As they waited for an orientation program to begin on Wednesday, scores of USC Aiken freshmen appeared to hold on to a classic “deer-in-headlights” expression. Courtney Wideman, however, wasn't one of them.


“I'm just a people person and love meeting them,” Wideman said, a Saluda High School graduate.


Joined by their parents, about 200 first-year students attended sessions during the first of two days. The orientation will end today. Two more programs are scheduled before the fall semester to introduce another 400 freshmen to the campus.


Brooke Cantrell recalls the same anxiety that many of the new students are experiencing; one year ago, she was in the audience herself after graduating from Aiken High School.


Now a rising sophomore, she and about 20 other upperclassmen are serving as Pacesetters, providing the freshmen with cheerful comments, and also useful information about the university. Later, they served as tour guides and described their classes and available activities.


Becoming a Pacesetter “was the most comfortable thing, making it easy to get involved. My transformation was great. I'll talk to (the freshmen) today in some group games and help them get to know each other,” Cantrell said.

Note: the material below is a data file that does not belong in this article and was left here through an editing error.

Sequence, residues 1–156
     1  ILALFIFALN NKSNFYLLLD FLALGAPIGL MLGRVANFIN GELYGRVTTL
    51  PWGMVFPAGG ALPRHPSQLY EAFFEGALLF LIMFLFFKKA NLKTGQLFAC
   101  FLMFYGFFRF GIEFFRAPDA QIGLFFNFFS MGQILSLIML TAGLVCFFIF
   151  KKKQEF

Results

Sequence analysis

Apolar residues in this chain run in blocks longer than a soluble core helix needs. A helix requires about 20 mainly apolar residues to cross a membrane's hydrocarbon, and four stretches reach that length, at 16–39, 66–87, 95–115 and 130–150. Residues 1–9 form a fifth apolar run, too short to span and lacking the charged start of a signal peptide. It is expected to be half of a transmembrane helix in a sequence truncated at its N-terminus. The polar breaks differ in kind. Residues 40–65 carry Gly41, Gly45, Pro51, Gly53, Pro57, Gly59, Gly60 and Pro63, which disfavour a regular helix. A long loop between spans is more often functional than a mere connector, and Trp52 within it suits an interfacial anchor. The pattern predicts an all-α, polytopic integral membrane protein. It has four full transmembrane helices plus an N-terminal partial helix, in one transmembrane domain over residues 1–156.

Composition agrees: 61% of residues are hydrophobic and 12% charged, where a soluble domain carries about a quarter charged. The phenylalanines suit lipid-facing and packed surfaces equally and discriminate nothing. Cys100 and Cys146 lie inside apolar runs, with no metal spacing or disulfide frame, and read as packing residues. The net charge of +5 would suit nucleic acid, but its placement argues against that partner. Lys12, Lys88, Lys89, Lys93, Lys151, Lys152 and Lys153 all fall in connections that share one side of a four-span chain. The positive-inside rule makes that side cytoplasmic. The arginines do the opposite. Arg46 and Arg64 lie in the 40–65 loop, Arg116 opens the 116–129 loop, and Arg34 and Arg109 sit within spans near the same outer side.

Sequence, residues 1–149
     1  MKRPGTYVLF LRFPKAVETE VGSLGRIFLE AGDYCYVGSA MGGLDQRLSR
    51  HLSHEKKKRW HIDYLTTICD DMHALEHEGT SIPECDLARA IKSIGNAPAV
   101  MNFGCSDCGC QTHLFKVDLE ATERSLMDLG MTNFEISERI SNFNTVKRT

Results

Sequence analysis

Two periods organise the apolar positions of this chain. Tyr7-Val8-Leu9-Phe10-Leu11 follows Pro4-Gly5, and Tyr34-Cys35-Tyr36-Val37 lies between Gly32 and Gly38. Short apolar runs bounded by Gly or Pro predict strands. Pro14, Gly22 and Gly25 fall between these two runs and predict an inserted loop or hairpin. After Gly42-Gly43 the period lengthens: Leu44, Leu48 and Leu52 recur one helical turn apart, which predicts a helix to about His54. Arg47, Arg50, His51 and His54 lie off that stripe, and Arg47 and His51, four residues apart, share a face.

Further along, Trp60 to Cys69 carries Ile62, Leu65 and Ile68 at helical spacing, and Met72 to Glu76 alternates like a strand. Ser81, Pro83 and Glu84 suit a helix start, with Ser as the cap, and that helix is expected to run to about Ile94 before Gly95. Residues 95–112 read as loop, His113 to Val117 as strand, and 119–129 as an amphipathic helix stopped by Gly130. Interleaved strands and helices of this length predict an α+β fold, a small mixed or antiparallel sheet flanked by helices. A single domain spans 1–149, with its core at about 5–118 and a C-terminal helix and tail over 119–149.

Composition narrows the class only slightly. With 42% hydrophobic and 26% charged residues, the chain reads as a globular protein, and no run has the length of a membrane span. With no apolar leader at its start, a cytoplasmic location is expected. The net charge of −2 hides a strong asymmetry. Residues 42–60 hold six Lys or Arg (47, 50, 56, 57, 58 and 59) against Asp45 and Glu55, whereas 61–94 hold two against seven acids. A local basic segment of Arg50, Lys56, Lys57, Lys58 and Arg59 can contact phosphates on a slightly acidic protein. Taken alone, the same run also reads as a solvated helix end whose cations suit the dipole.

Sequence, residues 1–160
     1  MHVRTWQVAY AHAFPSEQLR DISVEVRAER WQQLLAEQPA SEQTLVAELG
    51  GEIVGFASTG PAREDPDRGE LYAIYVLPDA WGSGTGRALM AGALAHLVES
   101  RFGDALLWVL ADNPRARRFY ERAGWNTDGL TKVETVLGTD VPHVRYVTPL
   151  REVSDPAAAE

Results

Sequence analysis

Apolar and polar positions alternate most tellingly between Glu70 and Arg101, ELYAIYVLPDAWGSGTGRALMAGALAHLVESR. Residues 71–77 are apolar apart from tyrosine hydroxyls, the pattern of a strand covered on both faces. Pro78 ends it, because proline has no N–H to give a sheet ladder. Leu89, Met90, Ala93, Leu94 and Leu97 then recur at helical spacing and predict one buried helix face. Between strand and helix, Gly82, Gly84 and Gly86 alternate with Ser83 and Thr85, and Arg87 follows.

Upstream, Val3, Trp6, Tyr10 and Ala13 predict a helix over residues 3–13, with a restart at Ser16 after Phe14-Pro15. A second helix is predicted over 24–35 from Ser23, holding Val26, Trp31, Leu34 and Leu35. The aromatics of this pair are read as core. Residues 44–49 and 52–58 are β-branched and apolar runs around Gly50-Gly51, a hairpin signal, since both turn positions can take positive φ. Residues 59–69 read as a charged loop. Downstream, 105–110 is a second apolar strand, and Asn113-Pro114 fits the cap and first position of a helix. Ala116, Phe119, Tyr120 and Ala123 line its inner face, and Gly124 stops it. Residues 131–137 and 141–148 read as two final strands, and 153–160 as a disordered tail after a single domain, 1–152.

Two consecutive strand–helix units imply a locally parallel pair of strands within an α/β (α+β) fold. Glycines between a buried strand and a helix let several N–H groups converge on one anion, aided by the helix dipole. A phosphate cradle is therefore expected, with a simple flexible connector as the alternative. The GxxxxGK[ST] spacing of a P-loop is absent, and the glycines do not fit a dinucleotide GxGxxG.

Dr. Michael Ritchie, a USCA business professor, is an orientation fixture – drawing smiles from the students and, perhaps, even more from their amused parents. Ritchie told the students their lives had just changed dramatically. Mom won't be there to wake them and fix their breakfast.


“You are driving the bus,” he said. “Nobody will tell you what to do.”


No one will tell them to attend class. Each professor will ask for their homework and won't ask if they don't turn it in.


Ultimately, “we want to be here to help you succeed,” Ritchie said. “But this is your new job. Your job is to go to college and study. And it's horrible, but you have to read a book. You have to sit down and open the book and read it and think about, ‘Do I agree with it?'”


Alex Oliver, the Student Government Association president and a Pacesetter, said the organization's officers and members pride themselves on working with new students. There are so many organizations available to the freshmen, Oliver said he didn't find his own niche until he joined some intramural teams.


“The university will open its doors to you,” he said.


Senior writer Rob Novit is the Aiken Standard's education reporter and has been with the newspaper since September 2001. He is a native of Walterboro and majored in journalism at the University of Georgia.